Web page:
Treating the creation of a market for bottle water, it deals in part with emotional response and in part with belief — the creation of belief, the implications for action of that belief, and the consequences of those actions. Is the belief in the superiority of bottled water well justified? No. In many regions, the tap water is just as good as bottle water. But so what? Does it hurt if we buy bottled water and waste a bit of money? The answer lies in the pollution created before and after drinking it, with the impact on the environment. A consideration of bottled water could bring in many central TOK knowledge issues: what persuades us to believe the things we believe, whether our beliefs are true, what the implications might be of accepting them, and whether there is an ethical dimension to the actions we might take on their basis.
Don’t watch this video if you faint over needles. I had a hard time watching it to the end, but was far too interested in magic and belief to stop. Magician Eric Mead, in context of TED talks, does a couple of tricks on video and comments simultaneously on the placebo effect: “For some time I have been interested in the placebo effect, which might seem like an odd thing for a magician to be interested in, unless you think of it in the terms that I do, which is something fake is believed in enough by somebody that it becomes something real.”
Lionel Tiger, an anthropologist from Montreal Canada, claims that religious beliefs are neurological. He argues that beliefs in God(s) are remarkable processes that exist consistently across most communities. He sees religion as pushing us to harbour feelings of guilt and concede personal control, but also allowing for participation in democratic processes and the creation of community. Overall, in Tiger’s mind, belief is neurologically soothing. He contends that the brain creates religion, yet does not rule out the possibility of the existence of God(s). Tiger’s explorations of religion differ from earlier anthropological explanations that base themselves in social needs, rather than cognitive processes (although not sure it strays entirely from Malinowski!).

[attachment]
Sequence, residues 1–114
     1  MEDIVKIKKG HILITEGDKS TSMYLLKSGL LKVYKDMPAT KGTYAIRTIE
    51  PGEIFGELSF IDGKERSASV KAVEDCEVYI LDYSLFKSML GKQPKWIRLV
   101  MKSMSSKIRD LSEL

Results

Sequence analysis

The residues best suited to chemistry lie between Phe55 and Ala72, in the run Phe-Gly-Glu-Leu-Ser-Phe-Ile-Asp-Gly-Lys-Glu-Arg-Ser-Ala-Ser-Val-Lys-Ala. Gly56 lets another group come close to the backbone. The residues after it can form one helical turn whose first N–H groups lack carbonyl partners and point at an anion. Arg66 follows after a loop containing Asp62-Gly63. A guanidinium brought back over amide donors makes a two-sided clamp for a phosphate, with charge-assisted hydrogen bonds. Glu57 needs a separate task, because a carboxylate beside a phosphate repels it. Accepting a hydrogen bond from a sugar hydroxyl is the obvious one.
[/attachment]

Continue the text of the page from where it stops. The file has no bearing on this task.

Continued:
What harm would it do to join the party? I could wear my BELIEVE hat and scarf, wave my red mittens, and cheer on our Canadian athletes in the Olympics. All the fun seems to be on the inside, so do I want to be a sour grouch on the margins, throwing stones? I commented earlier on the CTV BELIEVE campaign, and must now face the question: am I doing any harm by accepting the jumble of factual assertions, values, predictions, and soaring emotion?
Anti-Olympic protestors say yes. They take the perspective that the Games are pernicious — that they are deflecting money and attention from social issues such as homelessness and resolution of native land claims and that they are damaging the environment. (Environmentalist David Suzuki gives the Olympics a bronze medal.) The protestors’ serious points, though, get lost in the media coverage. After all, in part it’s the media that are throwing the party. The mural of unhappy faces gets taken down as “graffiti” as the city washes its face in preparation for international visitors. Like so much other protest, this one also implodes as everybody’s cause tags along to create a very defused negative and, predictably, as a violent minority shows up to give the mainstream cameras what they want. Huge peaceful public protest gathers in Vancouver as the Games open but the Olympic excitement sweeps on by. Time enough afterward to count the costs and give attention to the serious issues (if at all).
The music soars, the camera pans across spectacular winter scenery or captures the flitting lines and shadows of an ice arena. An ultra-resonant voice slowly doles out evocative words. Enter an athlete graceful and powerful, a character with a narrative. In the final seconds, that athlete turns toward the camera as evidently instructed and tries not to look foolish and self-conscious while uttering the slogan words, “Do you believe?”
As a Canadian, I’ve been bombarded with a whole series of these BELIEVE ads on CTV, the largest Canadian private broadcaster, in the months leading up to the 2010 Winter Olympics. If I like, I, too, can broadcast by buying and wearing clothing with the slogan. How could a teacher of critical thinking possibly resist a red hat with believe emblazoned across the forehead, just over the eyes and the brain?